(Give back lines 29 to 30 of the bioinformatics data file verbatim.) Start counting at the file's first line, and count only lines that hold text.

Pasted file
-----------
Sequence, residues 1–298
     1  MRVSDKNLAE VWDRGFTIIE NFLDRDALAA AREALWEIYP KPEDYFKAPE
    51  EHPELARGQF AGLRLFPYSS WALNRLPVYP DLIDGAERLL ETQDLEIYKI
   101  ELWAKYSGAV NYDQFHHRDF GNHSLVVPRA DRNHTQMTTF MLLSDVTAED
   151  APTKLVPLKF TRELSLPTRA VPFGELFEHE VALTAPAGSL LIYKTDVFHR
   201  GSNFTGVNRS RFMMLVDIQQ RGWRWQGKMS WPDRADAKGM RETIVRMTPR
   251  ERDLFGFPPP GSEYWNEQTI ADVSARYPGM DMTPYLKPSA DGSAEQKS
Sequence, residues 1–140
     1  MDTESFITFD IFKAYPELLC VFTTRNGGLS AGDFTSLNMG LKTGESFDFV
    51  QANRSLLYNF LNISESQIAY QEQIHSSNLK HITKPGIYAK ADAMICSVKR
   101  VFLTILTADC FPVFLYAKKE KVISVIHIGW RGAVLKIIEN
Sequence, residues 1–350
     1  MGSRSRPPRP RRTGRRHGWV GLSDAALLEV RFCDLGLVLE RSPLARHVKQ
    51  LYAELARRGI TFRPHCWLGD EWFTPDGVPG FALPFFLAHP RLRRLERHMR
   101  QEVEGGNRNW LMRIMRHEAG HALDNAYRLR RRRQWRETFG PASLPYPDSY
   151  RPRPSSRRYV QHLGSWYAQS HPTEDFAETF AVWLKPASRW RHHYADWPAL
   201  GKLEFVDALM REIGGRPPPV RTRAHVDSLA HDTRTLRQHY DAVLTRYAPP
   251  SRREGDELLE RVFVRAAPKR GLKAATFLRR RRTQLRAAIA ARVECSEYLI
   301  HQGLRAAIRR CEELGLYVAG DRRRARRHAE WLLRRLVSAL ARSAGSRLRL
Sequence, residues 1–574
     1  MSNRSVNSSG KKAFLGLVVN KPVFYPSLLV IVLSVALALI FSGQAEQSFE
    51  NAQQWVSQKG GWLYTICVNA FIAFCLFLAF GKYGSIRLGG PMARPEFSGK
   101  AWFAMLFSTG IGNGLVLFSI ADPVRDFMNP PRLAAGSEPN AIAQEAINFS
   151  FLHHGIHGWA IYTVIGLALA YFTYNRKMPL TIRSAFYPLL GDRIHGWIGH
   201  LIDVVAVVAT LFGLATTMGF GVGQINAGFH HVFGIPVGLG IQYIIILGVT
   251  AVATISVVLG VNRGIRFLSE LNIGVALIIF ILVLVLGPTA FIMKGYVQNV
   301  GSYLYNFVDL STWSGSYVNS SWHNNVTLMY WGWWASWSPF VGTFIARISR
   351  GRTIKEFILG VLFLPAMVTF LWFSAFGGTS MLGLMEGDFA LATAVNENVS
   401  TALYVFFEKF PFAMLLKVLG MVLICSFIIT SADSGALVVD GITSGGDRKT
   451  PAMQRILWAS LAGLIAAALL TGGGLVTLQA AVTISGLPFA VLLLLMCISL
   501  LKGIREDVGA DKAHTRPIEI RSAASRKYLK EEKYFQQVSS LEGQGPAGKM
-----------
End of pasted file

   401  TALYVFFEKF PFAMLLKVLG MVLICSFIIT SADSGALVVD GITSGGDRKT
   451  PAMQRILWAS LAGLIAAALL TGGGLVTLQA AVTISGLPFA VLLLLMCISL